So the car’s sense for torque distribution seems brilliantly judged, but if in doubt, selecting the Dynamic mode instantly primes the driveline for more torque to be directed to the rear. There’s also an Offroad mode for a near-50/50 spit front to rear.
Some other important distinctions between the new A4 Allroad TSI and the Avant Sport Quattro deserve detailing. Obviously there’s the hiking boots ’n’ rucksack bodywork,with its sill and guard protection, and plastic under-cladding extending beneath front and rear bumpers. (One caveat, people: it’s still plastic, and decent rock will lunch it.) Then there’s price; the petrol Allroad is expected to sell in Australia for around $75,000 with a very similar (though not yet confirmed) level of standard specification to the Avant quattro. That circa-$2000 increase buys you the light-duty off-road ability thanks to the 34mm increase in ride height, delivered by suspension that sits it 23mm higher, combined with the additional 11mm that comes from the taller tyre aspect ratio on 18-inch or 19-inch alloy wheels.
That chubbier rubber contributes to a more plush-feeling ride than the Avant, especially when teamed with the adaptive dampers, making their debut as an option on Allroad. This is a serenely compliant and comfortable-riding chassis set-up, with the only downside being less lateral grip from the not-so-sporty rubber. Combined with the zingy, elastic turbo four, which pulls from modest revs and cheerfully buzzes the redline, it makes for a car that feels supremely capable, obedient and well-sorted. Even keen drivers are unlikely to feel short-changed by the slightly more homely dynamics of the Allroad compared to the harder-edged Avant.
To the interior, then, which, as you’d expect, is essentially A4 Avant, and offers the same features and options, including the all-digital virtual cockpit instrument cluster, its 8.3-inch multimedia screen, head-up display and the option of in-car SIM internet connection. Personally, I’d argue you won’t find a more stylish, beautifully crafted, superbly functional cabin in the premium mid-size segment.
Disappointingly, there was no A4 Allroad 2.0 TDI available to drive at the launch, which is a shame, as Audi expects it to account for half of initial Allroad sales. That figure sounds about right, given, as we’ve mentioned, there is no TDI engine option for the A4 Avant. The Australian-spec Allroad TDI will make 140kW/400Nm, delivers combined consumption of 4.9l/100km (NEDC) and weighs 60kg more than the TSI petrol (all of it over the front axle) for a total dry weight of 1640kg. Claimed 0-100km/h figure is 7.8sec, so a bit slower than the 2.0 TSI. Expect it to be priced within a sniff of the circa-$75,000 tag charged for the 2.0 TSI. Will that be enough to make you want one over the petrol? Obviously we can’t say until we’ve driven it, but given the petrol car’s refinement, torque spread, frugality and handling balance, it seems unlikely.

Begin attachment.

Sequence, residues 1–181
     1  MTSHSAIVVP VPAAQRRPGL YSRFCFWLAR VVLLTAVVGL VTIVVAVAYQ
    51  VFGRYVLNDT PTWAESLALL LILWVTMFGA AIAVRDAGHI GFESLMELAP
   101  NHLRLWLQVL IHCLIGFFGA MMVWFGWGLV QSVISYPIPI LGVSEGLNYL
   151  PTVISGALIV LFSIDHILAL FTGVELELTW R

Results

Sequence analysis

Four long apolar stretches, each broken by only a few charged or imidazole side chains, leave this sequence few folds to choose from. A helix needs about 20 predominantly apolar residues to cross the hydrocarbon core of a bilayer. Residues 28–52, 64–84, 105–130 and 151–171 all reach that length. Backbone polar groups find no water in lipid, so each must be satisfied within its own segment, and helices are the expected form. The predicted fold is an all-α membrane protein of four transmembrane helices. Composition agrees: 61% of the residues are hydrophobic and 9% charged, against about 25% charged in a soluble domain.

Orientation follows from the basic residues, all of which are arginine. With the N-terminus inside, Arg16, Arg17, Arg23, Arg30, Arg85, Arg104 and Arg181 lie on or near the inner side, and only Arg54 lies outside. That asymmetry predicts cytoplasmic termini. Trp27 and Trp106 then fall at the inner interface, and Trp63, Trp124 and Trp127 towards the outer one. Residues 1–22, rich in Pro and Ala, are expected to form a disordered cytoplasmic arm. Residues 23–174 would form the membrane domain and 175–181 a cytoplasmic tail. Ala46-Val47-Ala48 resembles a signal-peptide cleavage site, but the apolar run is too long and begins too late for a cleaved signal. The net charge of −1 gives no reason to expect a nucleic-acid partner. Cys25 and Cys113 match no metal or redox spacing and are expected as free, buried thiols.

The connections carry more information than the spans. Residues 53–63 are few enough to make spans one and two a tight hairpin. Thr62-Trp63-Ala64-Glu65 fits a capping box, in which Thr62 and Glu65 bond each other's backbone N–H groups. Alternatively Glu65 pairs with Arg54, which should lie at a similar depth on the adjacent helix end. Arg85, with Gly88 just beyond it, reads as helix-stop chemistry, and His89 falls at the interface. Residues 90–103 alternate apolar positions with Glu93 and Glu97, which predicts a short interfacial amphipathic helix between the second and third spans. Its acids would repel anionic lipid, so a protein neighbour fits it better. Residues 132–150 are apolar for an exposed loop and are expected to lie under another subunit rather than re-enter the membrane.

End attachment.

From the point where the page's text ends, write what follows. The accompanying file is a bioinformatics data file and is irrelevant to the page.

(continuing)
What we did drive was the Allroad 3.0 V6 TDI which is “under consideration” for Australia. This engine does duty in the Q7 SUV, so its 200kW/600Nm outputs have no trouble hustling the A4 Allroad to 0-100km/h in a claimed 5.5 seconds while using just 5.3L/100 combined on the Euro cycle. It also has a pleasingly low level of high-compression diesel clatter to intrude in the cabin, and the eight-speed (torque convertor ) automatic makes fine use of the torque curve to be always primed to deliver serious overtaking shove.
But that’s about where the good news starts to stall. Through anything other than open sweepers, the V6 TDI feels much less agile than the petrol four - no surprise when you note it weighs 1730kg. The effect of that extra mass is to make the car feel a class larger than the Allroad 2.0 TSI. It’s as though you’ve suddenly found yourself in an A6 Allroad, with a nose that needs nursing to not dissolve into understeer, and less cooperative front-to-rear balance when pushing on. As a versatile, unstressed motorway cruiser, sure. But, given that Audi Australia would no doubt lob some extra equipment onboard and saddle it with a price tag starting with a “9”, you quickly see why it’s far from a no-brainer for our market.
Which leaves the 2.0 TSI looking persuasive. Some doubters may dismiss the A4 Allroad as an Avant in gumboots and a parka, but for anyone with a more pragmatic slant, it’s likely to be all the wagon you’ll ever need.